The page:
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The people won't mind at all, though you will miss quite a lot. Do you know of any other town where the main street ends in the country without first tailing off through council semi's and car-dumps? Such is King Street where the traffic queues form as they do in Princess Street, which is where we came in and where you can come in from the Tabley interchange on the M6 only two miles away. Please don't shout about Knutsford too much to others. The town is doing very nicely residentially, from numerous visitors, as a host town to research scientists and as a pleasant and individualistic shopping centre. Some of the big boys have shops there already—looking self-consciously rural—and, if the proposed very im­aginative and sensible development plan succeeds, more will set up in the new precinct between the two existing main shopping streets which will be preserved. On the fringe of the town Tabley and Tatton Parks ensure a rural background along with the Cheshire Meres nearby, and to date the more vicious planners have done nothing worse than threaten the beautiful village of Mobberley with Manchester's overspill.


Knutsford's population of 10,000 is expected to reach 17,000 by 1981, its shopping population rising from 18,000 to 26,000 in that time. The air of Mrs Gaskell's Cranford will therefore remain, as no doubt will the former homes of Highwayman Higgins and of Trumpet Major Smith who sounded the 'Charge' for the Light Brigade at Balaclava. The county jail has been demolished long since but at the Sessions House the Quarter Sessions are still shared with Chester. Although Knutsford remembers the Danes its survival and popularity with the county families may well have originated from its high standing in the judiciary system.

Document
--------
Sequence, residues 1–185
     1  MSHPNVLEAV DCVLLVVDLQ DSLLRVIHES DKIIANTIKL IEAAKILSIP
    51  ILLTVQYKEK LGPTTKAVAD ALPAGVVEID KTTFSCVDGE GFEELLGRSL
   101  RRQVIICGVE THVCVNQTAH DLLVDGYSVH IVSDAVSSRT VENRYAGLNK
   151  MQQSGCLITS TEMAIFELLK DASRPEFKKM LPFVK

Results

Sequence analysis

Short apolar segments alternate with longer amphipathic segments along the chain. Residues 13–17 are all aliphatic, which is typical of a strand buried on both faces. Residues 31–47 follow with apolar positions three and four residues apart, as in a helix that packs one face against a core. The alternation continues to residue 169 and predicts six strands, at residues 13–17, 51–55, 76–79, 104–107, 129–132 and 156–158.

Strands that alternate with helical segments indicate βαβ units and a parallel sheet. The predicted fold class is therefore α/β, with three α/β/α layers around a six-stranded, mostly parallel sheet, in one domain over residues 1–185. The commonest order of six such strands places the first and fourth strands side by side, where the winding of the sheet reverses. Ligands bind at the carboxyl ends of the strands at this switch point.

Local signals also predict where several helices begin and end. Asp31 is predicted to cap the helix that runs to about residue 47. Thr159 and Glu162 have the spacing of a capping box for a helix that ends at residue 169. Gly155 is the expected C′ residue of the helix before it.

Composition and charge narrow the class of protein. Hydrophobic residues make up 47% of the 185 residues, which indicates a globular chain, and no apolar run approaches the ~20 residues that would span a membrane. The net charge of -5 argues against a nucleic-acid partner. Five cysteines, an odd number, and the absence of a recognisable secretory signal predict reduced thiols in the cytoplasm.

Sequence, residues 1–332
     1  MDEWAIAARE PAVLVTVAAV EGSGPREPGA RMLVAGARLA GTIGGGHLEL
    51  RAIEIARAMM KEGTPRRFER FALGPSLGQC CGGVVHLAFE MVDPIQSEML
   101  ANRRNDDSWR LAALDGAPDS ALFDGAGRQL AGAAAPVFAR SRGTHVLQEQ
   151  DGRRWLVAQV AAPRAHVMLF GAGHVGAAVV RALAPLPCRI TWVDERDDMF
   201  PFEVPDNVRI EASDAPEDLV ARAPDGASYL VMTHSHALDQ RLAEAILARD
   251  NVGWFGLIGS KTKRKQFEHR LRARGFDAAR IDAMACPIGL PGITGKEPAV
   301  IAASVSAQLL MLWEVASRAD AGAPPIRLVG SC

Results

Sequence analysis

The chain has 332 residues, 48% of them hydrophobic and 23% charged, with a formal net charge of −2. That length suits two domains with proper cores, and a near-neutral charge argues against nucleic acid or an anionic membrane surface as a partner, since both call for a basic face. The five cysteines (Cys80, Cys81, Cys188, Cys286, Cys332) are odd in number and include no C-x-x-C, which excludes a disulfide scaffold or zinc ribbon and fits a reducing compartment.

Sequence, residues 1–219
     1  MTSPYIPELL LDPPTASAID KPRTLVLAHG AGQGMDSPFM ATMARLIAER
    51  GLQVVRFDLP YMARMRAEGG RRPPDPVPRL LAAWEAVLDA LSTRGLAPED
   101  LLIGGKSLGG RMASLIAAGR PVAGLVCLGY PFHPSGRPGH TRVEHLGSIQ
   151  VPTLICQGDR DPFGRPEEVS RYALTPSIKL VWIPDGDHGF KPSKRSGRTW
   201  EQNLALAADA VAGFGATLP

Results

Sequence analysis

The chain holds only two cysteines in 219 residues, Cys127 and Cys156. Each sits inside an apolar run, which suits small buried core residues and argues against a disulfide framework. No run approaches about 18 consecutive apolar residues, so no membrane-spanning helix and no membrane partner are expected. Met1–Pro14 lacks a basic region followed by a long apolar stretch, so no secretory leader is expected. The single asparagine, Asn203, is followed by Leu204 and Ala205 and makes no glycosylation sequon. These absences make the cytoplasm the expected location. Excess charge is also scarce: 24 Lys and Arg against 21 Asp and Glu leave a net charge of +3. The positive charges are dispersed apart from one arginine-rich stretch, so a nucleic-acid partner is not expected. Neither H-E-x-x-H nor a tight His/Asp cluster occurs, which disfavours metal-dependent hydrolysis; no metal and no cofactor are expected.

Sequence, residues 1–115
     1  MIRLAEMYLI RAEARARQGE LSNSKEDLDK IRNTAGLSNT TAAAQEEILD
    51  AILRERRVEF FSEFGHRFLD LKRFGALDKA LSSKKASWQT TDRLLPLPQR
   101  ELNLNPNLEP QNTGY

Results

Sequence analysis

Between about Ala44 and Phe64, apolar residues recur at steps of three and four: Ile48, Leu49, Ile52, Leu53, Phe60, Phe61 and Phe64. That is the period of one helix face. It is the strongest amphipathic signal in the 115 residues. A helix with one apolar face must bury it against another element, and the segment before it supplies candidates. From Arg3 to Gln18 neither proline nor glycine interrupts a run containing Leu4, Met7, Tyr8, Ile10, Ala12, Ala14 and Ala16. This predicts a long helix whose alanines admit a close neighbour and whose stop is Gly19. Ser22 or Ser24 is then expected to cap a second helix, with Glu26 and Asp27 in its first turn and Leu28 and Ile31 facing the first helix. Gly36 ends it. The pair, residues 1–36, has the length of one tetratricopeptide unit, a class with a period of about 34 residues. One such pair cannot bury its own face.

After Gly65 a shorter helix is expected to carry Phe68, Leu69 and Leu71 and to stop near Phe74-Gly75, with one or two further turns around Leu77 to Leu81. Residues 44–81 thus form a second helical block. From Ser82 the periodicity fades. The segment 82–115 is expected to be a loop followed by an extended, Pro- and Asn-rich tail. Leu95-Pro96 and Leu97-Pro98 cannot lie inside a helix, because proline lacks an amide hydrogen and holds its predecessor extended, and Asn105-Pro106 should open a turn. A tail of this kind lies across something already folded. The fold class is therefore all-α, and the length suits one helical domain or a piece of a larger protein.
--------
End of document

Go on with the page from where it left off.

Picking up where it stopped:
There are 60 clubs, societies and associations in the town and after only a fortnight at the new branch Mr Saunders has become accustomed to 'You'll be at our meeting won't you?' In Knutsford that is a promising start, not because the local people are snooty in any way but because it shows Mr Saunders as the kind of friendly man they want to have in their midst. Well, they've got him. And his wife! So to Knutsford we can say 'You lucky people!' If they want more than Mr and Mrs Saunders, who reciprocate by thinking Knutsford marvellous, they have only to call at the branch to enjoy the best of competent personal service from Mr Tickle and Mrs Grassby and thus be doubly fortunate: trebly fortunate in their surroundings, as the photograph shows, with a con­venient car park at the back of the office. Let us hope that all the luck does not run one way. The staff have the ability and deserve plenty of luck too. You might look them up and wish them well, but do watch for that red Mini as you turn into Princess Street.

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1967 Mr RE Saunders Manager MBM-Wi67P01.jpg

1967 Mrs S M Grassby MBM-Wi67P09.jpg

1967 Mr G R Tickle MBM-Wi67P09.jpg

BW Logo

BW Logo

BW Logo

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Mr R E Saunders

Clerk in Charge

1967 onwards

Miss S M Grassby

On the Staff


Mr G R Tickle

On the Staff





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2 Branches

1946 District Bank Logo from Cheque - MBAx1


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Index No and District:






Martins Bank Limited 11-22-50 Knutsford

Full Branch

41 Princess Street Knutsford Cheshire

738 Manchester

Mon to Fri 1000-1500

Saturday 0900-1130

Knutsford 2347

Nightsafe Installed

Mr R E Saunders Manager



15 December 1969

25 June 1976

opened by Martins Bank Limited

Barclays Bank Limited 20-47-46 Knutsford Princess Street